June 15, 2022, 12:26 AM CDT
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Good morning. Markets on tenterhooks ahead of Fed meeting, Bitcoin’s darkest phase, the consequences of sanctions and Europe’s gas woes. Here’s what people are talking about.
All About the Fed
All eyes are on the Federal Reserve with a meeting that’s expected to deliver a hefty interest-rate increase as it’s now become clear that the world’s central banks got their calls wrong. The Fed is now expected to hike interest rates by 75 basis points Wednesday, just weeks after Chair Jerome Powell and his team repeatedly advertised a half percentage point move. Particularly among managers who premise strategies on quantitative signals, exposure to stocks and other risky assets has been cut to the bone and hedge funds have been similarly expeditious. Global bonds look like following stocks into a bear market.
The bear market for Bitcoin has entered its “deepest and darkest” phase, with even long-term holders who had toughed it out until now coming under extreme pressure. That’s according to strategists at Glassnode, which tracks an indicator known as realized price, the average purchase price of all Bitcoins in circulation. The cryptocurrency is currently trading roughly $1,000 below the coin’s current realized price of $23,430. Many newer entrants are now underwater. That’s emboldening naysayers: billionaire Bill Gates dismissed cryptocurrency projects such as nonfungible tokens as shams “based on the greater-fool theory.’’
Some Biden administration officials are privately expressing concern that the slew of sanctions meant to punish Vladimir Putin’s government and pressure him to pull his forces back from Ukraine are exacerbating inflation, worsening food insecurity and punishing ordinary Russians more than Putin or his allies. Officials were initially impressed by the willingness of companies to abruptly “self-sanction.” But the administration was caught off-guard by the potential knock-on effects — from supply chain bottlenecks to uninsurable grain exports.
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The extended shutdown of a key US natural gas export complex will strain European efforts to amass emergency stockpiles before the Northern Hemisphere winter arrives. Freeport LNG’s surprise announcement that its Texas liquefied gas facility will be closed four times longer than previously thought rocked domestic and overseas energy markets Tuesday. The disruption comes at a time when gas-starved Europe is increasingly dependent on American suppliers to replenish inventories while seeking to shun Russian supplies in response to the invasion of Ukraine. European gas futures surged the most since March.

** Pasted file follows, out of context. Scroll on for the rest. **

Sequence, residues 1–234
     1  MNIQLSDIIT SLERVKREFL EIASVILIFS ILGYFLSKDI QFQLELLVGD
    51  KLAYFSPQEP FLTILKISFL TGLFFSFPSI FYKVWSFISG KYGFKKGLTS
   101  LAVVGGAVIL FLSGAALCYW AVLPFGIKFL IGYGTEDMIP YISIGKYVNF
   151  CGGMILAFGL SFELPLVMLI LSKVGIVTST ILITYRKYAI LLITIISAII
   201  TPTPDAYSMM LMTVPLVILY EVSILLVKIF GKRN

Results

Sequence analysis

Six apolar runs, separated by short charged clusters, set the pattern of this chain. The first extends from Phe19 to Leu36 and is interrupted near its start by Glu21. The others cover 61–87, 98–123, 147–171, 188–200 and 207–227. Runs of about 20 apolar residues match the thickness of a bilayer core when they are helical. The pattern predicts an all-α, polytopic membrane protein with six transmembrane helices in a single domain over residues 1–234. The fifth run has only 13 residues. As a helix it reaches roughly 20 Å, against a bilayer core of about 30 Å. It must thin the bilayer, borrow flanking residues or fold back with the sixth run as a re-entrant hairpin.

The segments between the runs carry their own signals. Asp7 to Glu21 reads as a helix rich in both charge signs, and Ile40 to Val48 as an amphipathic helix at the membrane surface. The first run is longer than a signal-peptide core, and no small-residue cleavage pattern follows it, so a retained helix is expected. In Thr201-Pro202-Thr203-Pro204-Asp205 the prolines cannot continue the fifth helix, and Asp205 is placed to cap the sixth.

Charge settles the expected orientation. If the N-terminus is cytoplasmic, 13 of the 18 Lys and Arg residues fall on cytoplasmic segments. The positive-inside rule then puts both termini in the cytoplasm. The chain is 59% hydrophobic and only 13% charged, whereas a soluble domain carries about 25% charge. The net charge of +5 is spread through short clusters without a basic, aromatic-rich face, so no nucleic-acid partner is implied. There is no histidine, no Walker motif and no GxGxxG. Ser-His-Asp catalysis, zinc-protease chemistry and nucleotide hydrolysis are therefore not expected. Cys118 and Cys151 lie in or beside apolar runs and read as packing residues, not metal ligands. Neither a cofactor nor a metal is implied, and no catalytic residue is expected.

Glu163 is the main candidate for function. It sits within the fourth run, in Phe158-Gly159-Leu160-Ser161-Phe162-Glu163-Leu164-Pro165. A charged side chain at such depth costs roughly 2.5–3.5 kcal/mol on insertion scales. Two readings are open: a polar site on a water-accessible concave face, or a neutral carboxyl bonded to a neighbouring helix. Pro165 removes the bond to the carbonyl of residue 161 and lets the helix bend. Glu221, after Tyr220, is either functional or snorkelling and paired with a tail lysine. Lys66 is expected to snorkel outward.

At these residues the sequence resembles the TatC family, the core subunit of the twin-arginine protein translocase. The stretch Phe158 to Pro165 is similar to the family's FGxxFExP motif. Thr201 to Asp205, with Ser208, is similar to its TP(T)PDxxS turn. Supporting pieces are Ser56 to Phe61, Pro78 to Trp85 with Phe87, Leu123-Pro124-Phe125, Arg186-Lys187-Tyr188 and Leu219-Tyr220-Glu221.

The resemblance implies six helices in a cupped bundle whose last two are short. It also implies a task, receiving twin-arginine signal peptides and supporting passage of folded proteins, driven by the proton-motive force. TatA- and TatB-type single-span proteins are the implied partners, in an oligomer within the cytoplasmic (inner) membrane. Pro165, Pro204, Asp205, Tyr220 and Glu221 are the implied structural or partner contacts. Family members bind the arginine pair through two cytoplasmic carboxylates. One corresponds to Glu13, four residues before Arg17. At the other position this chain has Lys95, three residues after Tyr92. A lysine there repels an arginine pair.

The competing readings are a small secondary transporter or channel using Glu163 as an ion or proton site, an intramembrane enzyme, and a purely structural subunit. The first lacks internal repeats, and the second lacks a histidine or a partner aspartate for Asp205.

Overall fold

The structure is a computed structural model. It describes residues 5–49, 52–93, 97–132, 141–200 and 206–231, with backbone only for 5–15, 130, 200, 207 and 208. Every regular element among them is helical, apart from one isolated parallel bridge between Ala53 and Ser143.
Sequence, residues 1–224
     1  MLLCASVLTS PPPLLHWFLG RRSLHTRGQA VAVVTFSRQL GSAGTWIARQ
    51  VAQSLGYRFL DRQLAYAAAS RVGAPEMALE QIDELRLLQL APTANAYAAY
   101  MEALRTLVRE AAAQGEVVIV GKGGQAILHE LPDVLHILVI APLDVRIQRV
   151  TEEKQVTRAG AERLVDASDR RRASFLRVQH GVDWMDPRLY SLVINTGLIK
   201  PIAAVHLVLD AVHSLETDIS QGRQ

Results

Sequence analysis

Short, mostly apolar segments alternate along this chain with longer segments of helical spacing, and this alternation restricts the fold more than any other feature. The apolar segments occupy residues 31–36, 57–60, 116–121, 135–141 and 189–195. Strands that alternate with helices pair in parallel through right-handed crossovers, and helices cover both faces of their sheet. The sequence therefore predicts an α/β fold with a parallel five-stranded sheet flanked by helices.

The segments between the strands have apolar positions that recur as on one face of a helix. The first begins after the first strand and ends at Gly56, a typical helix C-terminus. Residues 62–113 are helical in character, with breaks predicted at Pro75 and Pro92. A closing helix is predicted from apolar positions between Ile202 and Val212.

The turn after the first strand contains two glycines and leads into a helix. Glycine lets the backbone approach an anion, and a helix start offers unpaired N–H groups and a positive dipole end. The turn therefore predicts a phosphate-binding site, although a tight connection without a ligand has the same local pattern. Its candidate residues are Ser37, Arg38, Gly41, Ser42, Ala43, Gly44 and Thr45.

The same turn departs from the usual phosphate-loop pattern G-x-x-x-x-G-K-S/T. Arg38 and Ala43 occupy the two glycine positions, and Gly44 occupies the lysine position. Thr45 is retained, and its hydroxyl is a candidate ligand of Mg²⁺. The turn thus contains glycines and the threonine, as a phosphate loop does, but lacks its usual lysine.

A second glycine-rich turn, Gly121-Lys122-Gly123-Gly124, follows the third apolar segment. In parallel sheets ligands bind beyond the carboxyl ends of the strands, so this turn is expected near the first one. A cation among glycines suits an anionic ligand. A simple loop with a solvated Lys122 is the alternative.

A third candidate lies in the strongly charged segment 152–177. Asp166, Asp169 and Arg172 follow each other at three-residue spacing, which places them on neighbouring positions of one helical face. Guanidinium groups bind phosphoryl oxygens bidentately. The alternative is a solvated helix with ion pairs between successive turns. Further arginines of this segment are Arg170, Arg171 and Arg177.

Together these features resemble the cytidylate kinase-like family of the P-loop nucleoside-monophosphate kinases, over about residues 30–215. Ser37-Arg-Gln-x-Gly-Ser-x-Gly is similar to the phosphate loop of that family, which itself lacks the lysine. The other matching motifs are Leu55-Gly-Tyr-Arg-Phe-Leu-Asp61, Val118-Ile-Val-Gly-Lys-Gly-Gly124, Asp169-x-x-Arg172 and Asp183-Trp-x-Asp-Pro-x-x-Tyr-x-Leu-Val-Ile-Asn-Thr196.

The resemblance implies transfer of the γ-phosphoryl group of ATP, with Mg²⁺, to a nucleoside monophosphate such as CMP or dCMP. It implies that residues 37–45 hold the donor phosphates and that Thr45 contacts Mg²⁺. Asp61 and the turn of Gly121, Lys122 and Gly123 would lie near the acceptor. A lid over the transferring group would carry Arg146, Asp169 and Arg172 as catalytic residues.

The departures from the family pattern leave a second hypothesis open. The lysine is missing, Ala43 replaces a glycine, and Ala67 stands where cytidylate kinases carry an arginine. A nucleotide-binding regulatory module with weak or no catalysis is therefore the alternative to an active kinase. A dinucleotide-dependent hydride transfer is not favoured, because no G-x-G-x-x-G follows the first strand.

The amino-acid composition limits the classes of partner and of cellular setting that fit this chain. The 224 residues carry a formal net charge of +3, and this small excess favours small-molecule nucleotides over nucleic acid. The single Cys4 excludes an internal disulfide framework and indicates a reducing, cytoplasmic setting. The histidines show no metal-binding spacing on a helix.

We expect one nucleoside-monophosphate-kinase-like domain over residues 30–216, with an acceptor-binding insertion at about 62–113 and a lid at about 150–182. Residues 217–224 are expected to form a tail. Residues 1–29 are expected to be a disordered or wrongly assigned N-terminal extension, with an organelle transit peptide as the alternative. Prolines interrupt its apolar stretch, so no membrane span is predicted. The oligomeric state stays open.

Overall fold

European futures gained with US contracts, while Asian markets were subdued ahead of the Fed meeting and Chair Jerome Powell’s news conference. Elsewhere, Russia’s Gazprom and Clariant are among big earnings. H&M, Vinci and WH Smith have sales updates. On the data front, France consumer price inflation, Norway trade balance and Ireland property prices. European Central Bank President Christine Lagarde participates in a discussion hosted by the London School of Economics.
What We’ve Been Reading
This is what’s caught our eye over the past 24 hours.
- Russia turns to old tanks.
- Wrong messaging app.
- Ukraine’s $4.3 billion farm losses.
- SoftBank’s Arm wants London listing.
- BTS going solo, agency tanks.
- Investors cooling on ESG.
- Are you rich? Come and live here.
And finally, here’s what Cormac is interested in this morning
Break a central bank and you get inducted straight away into the Hedge Fund Hall of Fame, just ask George Soros. That’s what BlueBay Asset Management is doing as it shorts Japanese government bonds, betting the Bank of Japan will be forced to abandon its super-easy monetary policy that’s increasingly isolated from global peers. It’s not the only one. Signals from Japan’s bond and option market show wagers on a tweak to the BOJ’s curve-control policy are mounting, as it undertakes historic levels of asset purchases to cap benchmark yields at 0.25%. The central bank is faced with a growing headache in its strategy to help a stuttering economy as the rest of the world moves on to hiking interest rates. Ten-year yen swap rates — a market popular with international funds — have surged, breaking their close relationship with domestically driven yields. At over 0.50%, the former have pushed well past the central bank’s “line in the sand’’ for benchmark bonds, suggesting foreign traders believe higher yields and a policy change in Japan are inevitable.
Cormac Mullen is a Deputy Managing Editor in the Markets team for Bloomberg News in Tokyo.